March 24, 2005

The Pretention Quotient

by psu

There are a lot of ways to rate restaurants. The assumption is that most reviewers are there to rate the food, but really they are looking at many other aspects of the place. Therefore, in rating surveys like the Zagat's, you see multiple numbers written down and averaged and weighted: food, decor, "value" and so on. I was reading a ranty blog entry about a few local places and the thought occured to me to try and define a simple measure to summarize my feelings about a restaurant. Thus, I present to you: the pretention quotient.

Simply put, this quotient is derived by comparing how good the food in a particular place is with how pretentious you perceive a place to be. If you take the ratio of these values, restaurants then naturally fall into four general classes:

Low Pretention, Great Food

Here we have the best ratio of food quality to pretentiousness. These tend to be small places that serve simple regional food that is just too good to pass up. I would eat real barbeque off a picnic table before I'd sit down at most of the fancier tables in Pittsburgh and get served a "flame roasted pork loin with quinoa, baby spinach salad and a cranberry apple demi-glace relish" which ends up being a tasteless piece of white rubber with a red sauce, stale raw spinach with some fake cheese on it and that execrable fad grain that tastes like grass.

Locally, my favorite places hit this sweet spot. La Cucina Flegrea has some of the best Italian food in the city coming out of a place with barely two rooms and a dozen tables, and they let my kid run around near the kitchen while I eat. Similarly, Rose Tea Cafe has simply the best Chinese food in town but is utterly straightforward and lacking in pretense.

High Pretention, Good to Great Food

Of course, we go to fancy places too. The good ones have a quality level is at least as good as their pretentiousness. Locally, Dish and Vivo both aim high and generally hit their targets. Bona Terra is also a nice local place that easily justifies the amount of text they use to describe their food. Casbah is a place whose food exactly matches its pretention level.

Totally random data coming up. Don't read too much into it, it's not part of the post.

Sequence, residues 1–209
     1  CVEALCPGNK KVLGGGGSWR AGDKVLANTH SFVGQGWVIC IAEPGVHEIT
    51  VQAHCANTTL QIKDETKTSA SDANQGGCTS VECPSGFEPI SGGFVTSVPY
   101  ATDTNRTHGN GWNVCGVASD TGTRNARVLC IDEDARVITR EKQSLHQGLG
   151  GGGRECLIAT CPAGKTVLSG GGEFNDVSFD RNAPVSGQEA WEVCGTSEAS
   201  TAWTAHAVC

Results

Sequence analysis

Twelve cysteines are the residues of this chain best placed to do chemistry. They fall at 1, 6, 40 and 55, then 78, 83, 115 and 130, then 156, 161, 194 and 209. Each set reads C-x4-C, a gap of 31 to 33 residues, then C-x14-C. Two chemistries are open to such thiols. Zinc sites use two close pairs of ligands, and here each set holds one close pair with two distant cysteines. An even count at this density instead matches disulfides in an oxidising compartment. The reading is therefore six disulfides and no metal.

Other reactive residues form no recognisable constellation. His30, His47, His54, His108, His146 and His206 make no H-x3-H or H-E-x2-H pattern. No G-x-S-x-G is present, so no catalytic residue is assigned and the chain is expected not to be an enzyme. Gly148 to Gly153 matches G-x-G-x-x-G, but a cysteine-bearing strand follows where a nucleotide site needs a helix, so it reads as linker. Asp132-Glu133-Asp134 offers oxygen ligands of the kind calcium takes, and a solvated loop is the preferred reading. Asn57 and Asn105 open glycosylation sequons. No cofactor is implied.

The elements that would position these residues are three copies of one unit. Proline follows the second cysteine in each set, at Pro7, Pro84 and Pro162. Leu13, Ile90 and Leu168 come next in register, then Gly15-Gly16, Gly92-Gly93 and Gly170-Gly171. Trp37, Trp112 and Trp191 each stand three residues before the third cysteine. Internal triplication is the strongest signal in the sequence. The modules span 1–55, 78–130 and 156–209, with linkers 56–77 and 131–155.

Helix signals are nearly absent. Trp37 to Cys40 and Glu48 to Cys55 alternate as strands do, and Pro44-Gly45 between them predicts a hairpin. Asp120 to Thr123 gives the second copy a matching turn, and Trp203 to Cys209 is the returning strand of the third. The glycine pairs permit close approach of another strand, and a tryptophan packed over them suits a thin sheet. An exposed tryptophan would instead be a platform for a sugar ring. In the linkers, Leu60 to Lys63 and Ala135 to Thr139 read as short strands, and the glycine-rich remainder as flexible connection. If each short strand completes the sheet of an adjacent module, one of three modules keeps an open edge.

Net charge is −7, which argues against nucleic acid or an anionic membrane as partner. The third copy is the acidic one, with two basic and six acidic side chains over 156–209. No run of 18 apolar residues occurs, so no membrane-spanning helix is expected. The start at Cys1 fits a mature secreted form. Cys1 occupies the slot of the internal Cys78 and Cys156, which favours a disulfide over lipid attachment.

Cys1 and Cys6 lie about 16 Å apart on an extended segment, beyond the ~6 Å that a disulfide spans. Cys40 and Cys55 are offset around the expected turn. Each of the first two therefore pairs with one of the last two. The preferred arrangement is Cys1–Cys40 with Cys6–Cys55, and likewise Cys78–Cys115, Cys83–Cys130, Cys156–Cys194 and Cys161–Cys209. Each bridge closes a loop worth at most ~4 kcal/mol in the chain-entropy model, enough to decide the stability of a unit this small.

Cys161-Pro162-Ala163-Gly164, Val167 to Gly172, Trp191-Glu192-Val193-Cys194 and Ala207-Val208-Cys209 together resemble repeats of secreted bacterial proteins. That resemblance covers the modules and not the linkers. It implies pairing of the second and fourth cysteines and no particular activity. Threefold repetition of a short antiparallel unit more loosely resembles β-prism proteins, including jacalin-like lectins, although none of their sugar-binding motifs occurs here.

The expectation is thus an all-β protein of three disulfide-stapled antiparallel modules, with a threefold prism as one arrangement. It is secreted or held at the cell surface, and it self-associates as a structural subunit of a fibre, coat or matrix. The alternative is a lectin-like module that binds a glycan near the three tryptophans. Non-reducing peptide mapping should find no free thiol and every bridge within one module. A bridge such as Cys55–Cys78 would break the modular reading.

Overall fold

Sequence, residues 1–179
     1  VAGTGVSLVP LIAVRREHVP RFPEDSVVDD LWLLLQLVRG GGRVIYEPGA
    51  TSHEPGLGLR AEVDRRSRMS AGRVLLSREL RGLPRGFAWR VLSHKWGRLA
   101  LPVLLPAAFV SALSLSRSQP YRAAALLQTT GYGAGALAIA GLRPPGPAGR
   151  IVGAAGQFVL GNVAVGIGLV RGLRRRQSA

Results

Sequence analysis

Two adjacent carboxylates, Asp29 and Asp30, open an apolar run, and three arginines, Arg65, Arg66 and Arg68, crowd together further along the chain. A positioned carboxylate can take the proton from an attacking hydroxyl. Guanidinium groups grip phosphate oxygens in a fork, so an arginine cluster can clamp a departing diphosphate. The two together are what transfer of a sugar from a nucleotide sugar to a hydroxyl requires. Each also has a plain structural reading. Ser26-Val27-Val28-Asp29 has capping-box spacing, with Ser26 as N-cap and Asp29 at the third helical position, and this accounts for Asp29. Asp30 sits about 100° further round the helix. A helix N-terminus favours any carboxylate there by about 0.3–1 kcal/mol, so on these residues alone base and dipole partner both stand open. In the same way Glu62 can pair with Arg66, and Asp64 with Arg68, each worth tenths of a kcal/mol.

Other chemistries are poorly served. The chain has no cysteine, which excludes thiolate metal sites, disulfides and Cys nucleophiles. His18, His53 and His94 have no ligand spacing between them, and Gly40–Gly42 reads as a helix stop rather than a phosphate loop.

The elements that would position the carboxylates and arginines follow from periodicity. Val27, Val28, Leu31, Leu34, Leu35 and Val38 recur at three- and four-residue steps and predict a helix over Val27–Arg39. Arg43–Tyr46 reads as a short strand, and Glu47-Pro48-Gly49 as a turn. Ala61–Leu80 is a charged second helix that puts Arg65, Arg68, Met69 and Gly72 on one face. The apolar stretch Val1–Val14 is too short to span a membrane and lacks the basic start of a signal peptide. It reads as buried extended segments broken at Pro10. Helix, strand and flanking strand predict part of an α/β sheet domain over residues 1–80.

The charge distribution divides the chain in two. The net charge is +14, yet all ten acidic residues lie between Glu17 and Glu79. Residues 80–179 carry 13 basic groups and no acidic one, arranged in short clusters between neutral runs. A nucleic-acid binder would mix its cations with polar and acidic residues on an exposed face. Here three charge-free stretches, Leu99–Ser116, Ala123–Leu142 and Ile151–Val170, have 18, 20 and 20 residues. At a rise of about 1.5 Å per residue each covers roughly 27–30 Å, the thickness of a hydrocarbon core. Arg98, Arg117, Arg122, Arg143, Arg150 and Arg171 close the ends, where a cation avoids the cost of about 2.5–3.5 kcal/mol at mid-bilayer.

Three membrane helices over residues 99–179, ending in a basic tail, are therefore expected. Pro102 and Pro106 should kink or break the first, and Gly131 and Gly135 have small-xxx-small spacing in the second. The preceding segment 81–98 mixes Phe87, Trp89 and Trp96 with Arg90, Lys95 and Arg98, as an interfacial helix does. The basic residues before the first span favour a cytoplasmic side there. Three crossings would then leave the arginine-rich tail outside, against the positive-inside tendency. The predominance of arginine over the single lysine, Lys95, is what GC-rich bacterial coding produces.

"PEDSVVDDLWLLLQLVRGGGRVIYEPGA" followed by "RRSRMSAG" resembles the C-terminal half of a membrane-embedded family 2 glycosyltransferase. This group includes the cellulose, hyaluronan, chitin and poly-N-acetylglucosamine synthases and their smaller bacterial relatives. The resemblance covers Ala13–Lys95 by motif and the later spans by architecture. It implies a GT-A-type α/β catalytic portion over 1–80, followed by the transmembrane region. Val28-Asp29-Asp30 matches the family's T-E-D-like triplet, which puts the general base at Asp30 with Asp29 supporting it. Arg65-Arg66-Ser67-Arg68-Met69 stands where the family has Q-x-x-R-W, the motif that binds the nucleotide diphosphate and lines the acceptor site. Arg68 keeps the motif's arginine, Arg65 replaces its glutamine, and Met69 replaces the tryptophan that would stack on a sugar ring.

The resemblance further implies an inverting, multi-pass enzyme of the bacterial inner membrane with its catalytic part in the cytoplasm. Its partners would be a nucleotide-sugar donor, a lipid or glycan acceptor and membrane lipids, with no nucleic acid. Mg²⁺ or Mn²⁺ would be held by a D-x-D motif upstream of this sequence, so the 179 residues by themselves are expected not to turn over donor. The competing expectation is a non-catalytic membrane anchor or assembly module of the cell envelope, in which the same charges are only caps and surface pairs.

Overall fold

Low Pretention, Mediocre Food

Here we have the places that equalize their quality to pretention ratio from the other direction. So they are not great, but they do not try to convince you that they are shooting terribly high. I find these to be tolerable because they basically serve you exactly what they advertise. Locally, a place like Atria and the chain places fall into this part of the matrix. Of course, one prefers to avoid chains if one can help it.

High Pretention, Mediocre to Bad Food

Finally, we get to the places that dominate my bad experiences in restaurants. These are the more up scale stores with big rooms, fancy menus, medium to high prices and completely generic, tasteless, unoriginal food. Here are some things you can do to gain yourself pretention points while not improving your food at all:

Food as Sculpture. Very few people do this well. In general, stacked food is not interesting to look at and is just harder to eat. It's hard to cut that rubbery pork chop when it's sitting on top of the cold mashed potatoes.

Weird Tableware. I don't need forks and knives that weigh eight pounds, or huge plates for small food items, or bowls that are crooked on top. This generally serves no purpose but to distract you from how utterly boring the actual presentation of the food is.

Novel Length Menus. Spare me the biography of every lamb leg you serve, or the trading routes used to obtain the rare olives in your salad. Too often the breathless descriptions of hand picked herbs and organic micro-greens are just an elaborate ruse to make you think the place is not just serving you a plain piece of frozen fish with a white sauce.

Fruity Sauces. You better know what you are doing if you are going to have me put fruit on my meat. Also, you don't gain my confidence by calling that reduced sauce "saffron jus".

Snarky Waitrons Dressed in Black. The customer experience is not improved when the pouty waitstaff dressed all in gothic black sneers at me through hip thick rimmed glasses. Also, make sure they can at least pronounce the food.

And, in case you were wondering, local places that I think fall into this class include Davio, where you can spend your whole college fund on pasta in red sauce, and The Church Brew Works which is great when it sticks to beer and pizza, but for some reason needs to convince me that a Grilled Strip Steak served over a roasted garlic orzo cake and topped with a wild mushroom Dunkel sauce is a good idea, when I know it's just going to be a grilled steak with some stale starch and cold vegetables. I'm sure I could think of a few others, but we've avoided them for so long that they escape me.


Here is a handy table to keep with you to figure out how to classify your own favorite (or not so favorite) places based on how I have classified the places described above (and a few others). Send in your suggestions!

Food Not Great Food Good or Great
Not Pretentious Atria, Chiodos Rose Tea, Cucina Flegrea, Chaya, Udipi
Pretentious Davio, Church Brew Works, Cafe Zinho, P.F. Chang's Vivo, Dish, Casbah

Posted by psu at March 24, 2005 08:41 PM | Bookmark This